THE Common Weal project for a healthier, wealthier and more equal Scotland is to become a think tank in its own right after an acrimonious split from its original founders.

The project, which has developed an alternative economic and social model for Scotland based on policies from the Nordic countries, was originally run under the auspices of the left-wing Jimmy Reid Foundation.

But there has been growing friction between foundation director Robin McAlpine, who believes he has grown Common Weal from an idea into a movement, and the foundation's convener Bob Thomson and the late Jimmy Reid's family.

The Reid family this weekend issued a letter to directors of the company behind the foundation calling for an urgent financial review of the foundation's "far-from-transparent" finances.

The letter also referred to the family's concern about a long-standing "bitter internal dispute" and "disarray" at the foundation.

McAlpine, 41, is now leaving the foundation to set up Common Weal as a standalone, non-profit enterprise, which he is expected to run.

A new board is lined up, and will hold its first meeting this month.

Unlike the Reid Foundation, which had no position on the referendum, the board is overwhelmingly Yes supporting.

Among those taking part are Cat Boyd of Radical Independence, Ross Colquhoun of National Collective, architect Malcolm Fraser, writer Pat Kane, gender studies academic Lesley Orr, Ivan McKee of Business for Scotland, Bella Caledonia blogger Mike Small, Compass Scotland's Willie Sullivan, and NHS for Yes surgeon Dr Philippa Whitford.

Early aims include establishing a policy unit, producing a regular magazine, and creating a network of cafes-cum-meeting places to maintain public interest in ­progressive politics awakened by the referendum debate. McAlpine admits his "think-and-do-tank" model has not been tried before, but said it was essential for Common Weal to keep going whatever the referendum result.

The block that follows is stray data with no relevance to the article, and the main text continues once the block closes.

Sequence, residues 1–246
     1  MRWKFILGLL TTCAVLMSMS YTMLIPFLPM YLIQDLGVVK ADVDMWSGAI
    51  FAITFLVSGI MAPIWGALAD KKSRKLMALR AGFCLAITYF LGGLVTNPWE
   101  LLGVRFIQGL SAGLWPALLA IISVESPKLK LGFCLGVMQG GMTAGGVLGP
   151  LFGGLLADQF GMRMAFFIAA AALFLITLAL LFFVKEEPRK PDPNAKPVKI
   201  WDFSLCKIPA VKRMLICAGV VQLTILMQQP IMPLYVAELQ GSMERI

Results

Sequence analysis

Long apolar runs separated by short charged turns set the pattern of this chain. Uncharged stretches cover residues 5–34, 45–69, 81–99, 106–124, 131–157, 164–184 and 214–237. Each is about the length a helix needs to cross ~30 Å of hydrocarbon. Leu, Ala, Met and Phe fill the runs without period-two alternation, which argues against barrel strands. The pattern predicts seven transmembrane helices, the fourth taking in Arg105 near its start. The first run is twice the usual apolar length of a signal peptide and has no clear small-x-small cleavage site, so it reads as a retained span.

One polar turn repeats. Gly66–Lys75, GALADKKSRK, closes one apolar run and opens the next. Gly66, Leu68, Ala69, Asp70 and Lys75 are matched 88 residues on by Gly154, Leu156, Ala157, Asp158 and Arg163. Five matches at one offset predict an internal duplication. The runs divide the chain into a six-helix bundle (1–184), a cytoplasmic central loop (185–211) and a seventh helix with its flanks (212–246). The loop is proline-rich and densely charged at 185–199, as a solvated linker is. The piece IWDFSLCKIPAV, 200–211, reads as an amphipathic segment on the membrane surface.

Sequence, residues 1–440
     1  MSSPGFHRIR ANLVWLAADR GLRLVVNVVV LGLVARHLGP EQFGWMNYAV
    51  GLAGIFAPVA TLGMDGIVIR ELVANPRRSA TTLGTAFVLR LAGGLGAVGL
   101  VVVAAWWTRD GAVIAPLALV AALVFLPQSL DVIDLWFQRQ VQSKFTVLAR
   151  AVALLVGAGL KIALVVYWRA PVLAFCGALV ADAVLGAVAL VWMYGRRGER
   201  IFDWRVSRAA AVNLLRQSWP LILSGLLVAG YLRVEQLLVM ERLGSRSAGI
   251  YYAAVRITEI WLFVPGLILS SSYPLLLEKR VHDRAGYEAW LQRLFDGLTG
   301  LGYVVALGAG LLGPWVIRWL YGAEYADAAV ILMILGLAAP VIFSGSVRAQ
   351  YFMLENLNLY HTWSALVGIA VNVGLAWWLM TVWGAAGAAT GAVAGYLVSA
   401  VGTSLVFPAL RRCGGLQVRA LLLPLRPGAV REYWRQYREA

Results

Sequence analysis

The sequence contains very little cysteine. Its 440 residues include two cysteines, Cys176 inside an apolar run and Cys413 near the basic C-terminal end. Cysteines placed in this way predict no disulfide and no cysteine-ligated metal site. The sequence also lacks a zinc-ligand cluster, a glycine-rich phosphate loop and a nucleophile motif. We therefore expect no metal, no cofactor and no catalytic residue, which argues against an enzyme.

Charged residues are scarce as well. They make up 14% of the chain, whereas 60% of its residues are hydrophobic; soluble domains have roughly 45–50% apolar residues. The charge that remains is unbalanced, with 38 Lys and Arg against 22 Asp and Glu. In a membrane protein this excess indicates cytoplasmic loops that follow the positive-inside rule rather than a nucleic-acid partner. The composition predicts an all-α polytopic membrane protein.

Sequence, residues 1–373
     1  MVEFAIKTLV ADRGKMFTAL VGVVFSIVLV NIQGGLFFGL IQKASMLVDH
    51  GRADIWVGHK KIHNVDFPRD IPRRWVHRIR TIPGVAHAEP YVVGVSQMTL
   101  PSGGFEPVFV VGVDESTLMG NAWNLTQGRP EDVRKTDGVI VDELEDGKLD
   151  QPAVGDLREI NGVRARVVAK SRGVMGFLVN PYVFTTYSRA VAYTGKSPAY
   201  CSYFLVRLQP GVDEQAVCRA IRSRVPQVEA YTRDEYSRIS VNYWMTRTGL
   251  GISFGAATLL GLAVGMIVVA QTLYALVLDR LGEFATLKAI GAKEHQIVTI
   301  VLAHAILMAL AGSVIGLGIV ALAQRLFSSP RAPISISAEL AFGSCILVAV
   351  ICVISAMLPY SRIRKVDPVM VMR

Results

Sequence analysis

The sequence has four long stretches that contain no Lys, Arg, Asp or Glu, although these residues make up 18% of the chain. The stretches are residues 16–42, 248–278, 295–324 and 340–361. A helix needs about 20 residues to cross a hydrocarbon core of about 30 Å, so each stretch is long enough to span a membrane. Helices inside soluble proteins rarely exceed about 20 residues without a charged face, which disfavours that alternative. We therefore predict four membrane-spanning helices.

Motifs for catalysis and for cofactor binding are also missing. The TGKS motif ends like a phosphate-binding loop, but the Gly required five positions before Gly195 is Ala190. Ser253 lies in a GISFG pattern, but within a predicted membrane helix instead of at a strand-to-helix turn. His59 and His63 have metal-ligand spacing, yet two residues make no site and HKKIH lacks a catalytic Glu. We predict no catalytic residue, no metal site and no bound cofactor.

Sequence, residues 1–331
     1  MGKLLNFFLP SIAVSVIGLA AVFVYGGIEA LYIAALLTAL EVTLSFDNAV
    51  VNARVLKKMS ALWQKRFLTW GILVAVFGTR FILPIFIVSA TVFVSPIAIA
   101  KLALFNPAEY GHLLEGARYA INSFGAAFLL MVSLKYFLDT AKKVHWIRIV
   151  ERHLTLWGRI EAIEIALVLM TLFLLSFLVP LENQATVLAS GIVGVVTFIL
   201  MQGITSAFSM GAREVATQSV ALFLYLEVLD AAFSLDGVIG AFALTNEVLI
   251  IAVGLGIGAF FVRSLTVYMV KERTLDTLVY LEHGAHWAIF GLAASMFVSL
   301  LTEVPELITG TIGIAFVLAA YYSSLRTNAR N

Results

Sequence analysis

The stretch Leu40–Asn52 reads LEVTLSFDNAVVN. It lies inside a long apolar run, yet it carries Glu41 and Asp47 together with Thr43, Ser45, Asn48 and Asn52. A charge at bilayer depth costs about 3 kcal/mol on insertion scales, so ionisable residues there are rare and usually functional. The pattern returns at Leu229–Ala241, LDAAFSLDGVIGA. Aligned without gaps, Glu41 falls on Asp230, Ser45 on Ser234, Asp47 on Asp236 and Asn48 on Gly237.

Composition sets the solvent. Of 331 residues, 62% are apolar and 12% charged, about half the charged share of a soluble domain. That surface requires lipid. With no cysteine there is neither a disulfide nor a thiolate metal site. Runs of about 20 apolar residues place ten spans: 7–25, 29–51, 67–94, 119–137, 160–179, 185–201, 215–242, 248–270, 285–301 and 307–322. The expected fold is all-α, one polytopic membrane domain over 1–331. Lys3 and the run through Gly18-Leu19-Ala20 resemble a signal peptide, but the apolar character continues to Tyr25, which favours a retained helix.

However, McAlpine's departure comes against a backdrop of internal rows and claims his vision was inconsistent with the foundation's non-partisan objectives.

The foundation and the Common Weal have no legal status, but come under the umbrella of Left Review Scotland Ltd, which contracts McAlpine's services as a consultant.

On Friday, the family of the late Jimmy Reid sent the company's three directors - who do not include McAlpine, but include his mother Isobel Lindsay - a letter outlining concerns about the foundation.

The family said the body set up in the celebrated trade unionist's name had "strayed far" from its original objectives and claimed the firm's directors "do not know the financial position of the Jimmy Reid Foundation". They added: "We wish the financial affairs of the company to be reviewed by an independent chartered accountant as a matter of urgency."

The family also called for shares in Left Review Scotland Ltd still in the name of Jimmy Reid, to be transferred to them within 30 days, with a threat of legal action.

McAlpine denied he had been ejected from the foundation because of clashes, and denied the new Common Weal venture was an "ego trip" for him. He said the break was amicable and there were now talks on "transitional arrangements", such as splitting cash.

"I have spent my career avoiding being famous or the centre of things. The only reason I've developed any profile is because people come to meetings. It's not me. The enthusiasm is for Common Weal."

Tory economy spokesman Murdo Fraser said: "This is typical of the schisms we have seen on the left for decades. You can't really expect Common Weal to convince the rest of Scotland of their radical socialist agenda when they can't even agree among themselves."